Peckin’: the road to success (along with a rooster)

Recorded on March 3, 1937, Peckin' is a novelty song intended to create new fashionable dance. In the lyrics, Cab Calloway refers to other dances launched by him at the Cotton Club, like the Suzy-Q and Truckin'. The Hi de Ho Blog tells you what he knows about this ancestor of the Duck Trot and, most famous in France, La danse des canards...

When Cab enters the studio in New York on March 3, 1937, he is not the first one to record a version of Peckin'... The song is co-written by Ben Pollack and trumpeter-futur leader Harry James. Pollack's orchestra had recorded the song on December 18,1936.
The vaudeville vocal group The Chocolateers (who were sometimes in Cab Calloway's troup) had a number in1934 entitled "Peckin" immortalized in the final sequence of the movie "New Faces of 1937". The film itself was not a huge success but the Chocolateers's segment was greatly appreciated. And this is why "From New Faces of 1937" appears on the record label.
The Chocolateers sang it again in their 1942 Soundies and recorded it in 1953 for the Parrot label (!).

The song Peckin' was updated for the Cotton Club revue in the spring of 1937. The famous Nicholas Brothers sang it there to great applause (and The Chocolateers were scheduled to be in a forthcoming Cotton Club revue)! It makes sense therefore that Cab Calloway recorded it.
The California Eagle newpaper reports in its August 12, 1937 edition that Cab's cover is the new standard. It seems that the record was first released in Europe where it enjoyed great success... Note also that the B-side of the 78rpm is the excellent Manhattan Jam, mixing scat chorus and orchestra.
Jimmy Dorsey and Bing Crosby were in the studio the same day Cab inscribed it in wax! They were followed by:

Ozzie Nelson and his orchestra, May 3,1937,
Lou Raderman,May 10, 1937
Johnny Hodges and his orchestra (with Ellington at the piano), on May 20, 1937,
Benny Goodman on July 6 1937 (he was the most successful one wth this tune),
Roy Eldridge plays it in broadcasted concert during the summer of 1937,
Nat Gonella, always in search of covers, made his own on September 24, 1937.

The California Eagle July 9, 1937 states that one can see a rooster at this time, backstage in Indianapolis, Detroit or Kansas City where Cab tours. The King of Hi de Ho would observe the rooster in order to copycat its way of strutting to use it for his stage performance of Peckin'...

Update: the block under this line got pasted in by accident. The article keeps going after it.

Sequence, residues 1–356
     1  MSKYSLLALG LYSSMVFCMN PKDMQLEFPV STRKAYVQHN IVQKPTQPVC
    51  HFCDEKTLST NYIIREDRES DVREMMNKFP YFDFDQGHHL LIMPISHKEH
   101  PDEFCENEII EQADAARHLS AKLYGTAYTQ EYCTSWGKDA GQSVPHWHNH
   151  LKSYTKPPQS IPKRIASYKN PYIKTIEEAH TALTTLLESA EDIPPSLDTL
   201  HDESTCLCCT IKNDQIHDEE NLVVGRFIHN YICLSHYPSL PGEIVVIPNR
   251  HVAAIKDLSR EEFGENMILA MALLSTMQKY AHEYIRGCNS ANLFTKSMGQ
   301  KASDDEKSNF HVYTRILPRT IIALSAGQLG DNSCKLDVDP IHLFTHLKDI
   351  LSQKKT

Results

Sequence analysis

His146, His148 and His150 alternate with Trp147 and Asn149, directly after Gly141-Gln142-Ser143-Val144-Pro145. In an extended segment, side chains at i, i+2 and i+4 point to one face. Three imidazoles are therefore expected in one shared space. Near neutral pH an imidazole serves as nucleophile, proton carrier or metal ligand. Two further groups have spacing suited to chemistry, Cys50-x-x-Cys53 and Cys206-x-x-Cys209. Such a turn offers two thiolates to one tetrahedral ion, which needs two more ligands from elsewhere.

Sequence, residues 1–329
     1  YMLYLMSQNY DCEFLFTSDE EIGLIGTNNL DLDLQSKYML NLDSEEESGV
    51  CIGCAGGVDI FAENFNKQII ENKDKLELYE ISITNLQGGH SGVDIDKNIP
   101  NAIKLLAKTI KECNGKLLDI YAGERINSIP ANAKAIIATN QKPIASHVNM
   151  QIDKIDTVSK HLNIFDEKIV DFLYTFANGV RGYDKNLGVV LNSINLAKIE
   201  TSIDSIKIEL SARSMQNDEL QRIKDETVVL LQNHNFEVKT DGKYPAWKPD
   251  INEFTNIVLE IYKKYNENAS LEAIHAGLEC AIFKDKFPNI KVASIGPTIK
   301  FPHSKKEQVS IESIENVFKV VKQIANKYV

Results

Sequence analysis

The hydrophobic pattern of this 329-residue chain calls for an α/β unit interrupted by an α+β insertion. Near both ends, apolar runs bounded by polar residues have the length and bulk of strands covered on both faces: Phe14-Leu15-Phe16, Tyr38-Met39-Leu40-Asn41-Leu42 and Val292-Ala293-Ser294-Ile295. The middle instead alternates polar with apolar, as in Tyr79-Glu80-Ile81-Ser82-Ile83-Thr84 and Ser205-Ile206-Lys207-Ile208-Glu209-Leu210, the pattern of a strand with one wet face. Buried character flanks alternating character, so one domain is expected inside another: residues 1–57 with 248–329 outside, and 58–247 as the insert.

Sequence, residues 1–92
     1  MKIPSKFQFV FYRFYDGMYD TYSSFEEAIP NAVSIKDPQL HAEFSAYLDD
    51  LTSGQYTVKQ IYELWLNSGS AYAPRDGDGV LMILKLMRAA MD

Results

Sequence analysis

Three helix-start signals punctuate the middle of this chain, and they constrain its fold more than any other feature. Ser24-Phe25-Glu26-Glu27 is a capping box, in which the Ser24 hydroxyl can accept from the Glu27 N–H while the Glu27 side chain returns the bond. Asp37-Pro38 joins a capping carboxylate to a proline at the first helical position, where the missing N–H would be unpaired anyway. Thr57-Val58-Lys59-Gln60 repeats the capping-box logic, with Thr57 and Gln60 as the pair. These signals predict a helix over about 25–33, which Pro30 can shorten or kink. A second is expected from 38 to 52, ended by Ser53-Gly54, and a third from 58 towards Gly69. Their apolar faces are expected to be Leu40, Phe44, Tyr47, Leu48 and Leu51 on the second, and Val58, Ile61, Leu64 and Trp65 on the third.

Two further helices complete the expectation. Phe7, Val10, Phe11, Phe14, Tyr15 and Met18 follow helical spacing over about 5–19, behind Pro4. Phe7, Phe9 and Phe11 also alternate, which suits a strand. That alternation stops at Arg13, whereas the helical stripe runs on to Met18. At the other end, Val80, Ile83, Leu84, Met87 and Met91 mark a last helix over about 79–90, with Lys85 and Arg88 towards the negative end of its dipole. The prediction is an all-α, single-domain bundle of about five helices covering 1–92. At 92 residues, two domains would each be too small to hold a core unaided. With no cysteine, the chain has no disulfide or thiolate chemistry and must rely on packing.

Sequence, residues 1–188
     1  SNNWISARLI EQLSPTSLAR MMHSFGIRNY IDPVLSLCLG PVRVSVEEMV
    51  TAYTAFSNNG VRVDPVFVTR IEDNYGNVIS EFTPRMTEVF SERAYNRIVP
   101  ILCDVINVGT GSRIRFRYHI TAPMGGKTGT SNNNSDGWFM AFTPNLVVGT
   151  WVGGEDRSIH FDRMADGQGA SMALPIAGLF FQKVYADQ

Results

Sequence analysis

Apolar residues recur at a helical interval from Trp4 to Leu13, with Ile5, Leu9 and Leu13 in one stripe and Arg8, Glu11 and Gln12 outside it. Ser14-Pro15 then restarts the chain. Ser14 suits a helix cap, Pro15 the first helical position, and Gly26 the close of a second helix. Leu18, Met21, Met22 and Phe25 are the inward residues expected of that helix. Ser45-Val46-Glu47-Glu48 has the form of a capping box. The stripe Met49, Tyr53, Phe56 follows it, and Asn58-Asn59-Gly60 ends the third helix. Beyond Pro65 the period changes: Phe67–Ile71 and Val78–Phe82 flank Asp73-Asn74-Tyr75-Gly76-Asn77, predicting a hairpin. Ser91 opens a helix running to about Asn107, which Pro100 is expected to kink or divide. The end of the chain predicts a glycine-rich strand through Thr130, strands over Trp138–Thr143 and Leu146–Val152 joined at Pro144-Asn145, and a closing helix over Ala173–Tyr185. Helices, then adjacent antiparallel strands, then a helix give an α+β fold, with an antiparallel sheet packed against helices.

This story has also been reported by Cab Calloway's grandson Christopher Brooks, in the documentary "Cab Calloway: Sketches / le dandy de Harlem".

Peckin' : the song, the lyrics and the solography (quite pompous, isn't it?)



In order to let you appreciate this masterpiece at its proper value, here are the lyrics:

You talk about your truckin'
When your peckin' is new

Well, here's a dance that you all should do
You get 'way low down to the floor
And if you peck once, you'll peck twice, you'll peck it some more

You peck to the front, to the sides, to the back
Well, look at old Jim, he's pecking on his back
Peckin' to me is a lot of fun
Well, you peck one, and I'll peck one, well, we'll all peck one

It's the dance we all should do
In the place of the Suzy-Q

Well, come on folks, lend me your ears awhile
And I'll guarantee you, your little tootsie-wootsies will sure run wild

You peck to the east, and then you peck to the west
Then you peck, peck, peck 'til you've pecked your best
Well, then okay, well, a-hey, hey
We'll peck up, we'll peck up, we'll peck up the floor, yeah
Please note the successive solos by Garvin Bushell on clarinet, Irving "Mouse" Randolph on trumpet, Claude Jones on trombone, and Ben Webster on tenor sax (in one of his rare solos during his Cab's periods - 8 bars though). Unfortunately for the musician, Jan Evensmo who analyzed all the solos, writes that it's probably Irving RANDOLPH's best contribution among his recordings with Cab.
For scholastics, you can take a dance class with "Peckin'" by watching the training video on this link. Moreover, in May 1937, a journalist from Dallas reported that at every show, Cab organized a small dance competition as a prelude to the song! You are all set!
Swooner Crooner.jpg
Do not forget that Cab Calloway also recorded Peck A Doodle-Doo, A Chicken Is not Nothing But A Bird and The Duck Trot... It seems Cab had a considerable taste Cab for poultry ... No wonder that he is caricatured as a rooster in the cartoon Swooner Crooner...
Soon, we will discuss other dance numbers by Cab Calloway, such as Truckin' and Doin' The Suzy-Q.


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